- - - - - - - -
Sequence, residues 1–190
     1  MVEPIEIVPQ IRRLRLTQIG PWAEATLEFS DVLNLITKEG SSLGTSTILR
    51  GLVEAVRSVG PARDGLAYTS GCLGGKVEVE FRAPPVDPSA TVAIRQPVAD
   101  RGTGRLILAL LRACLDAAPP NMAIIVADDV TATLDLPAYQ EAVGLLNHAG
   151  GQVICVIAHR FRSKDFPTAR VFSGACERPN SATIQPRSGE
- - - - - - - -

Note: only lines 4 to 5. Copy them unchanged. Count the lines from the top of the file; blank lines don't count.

   101  RGTGRLILAL LRACLDAAPP NMAIIVADDV TATLDLPAYQ EAVGLLNHAG
   151  GQVICVIAHR FRSKDFPTAR VFSGACERPN SATIQPRSGE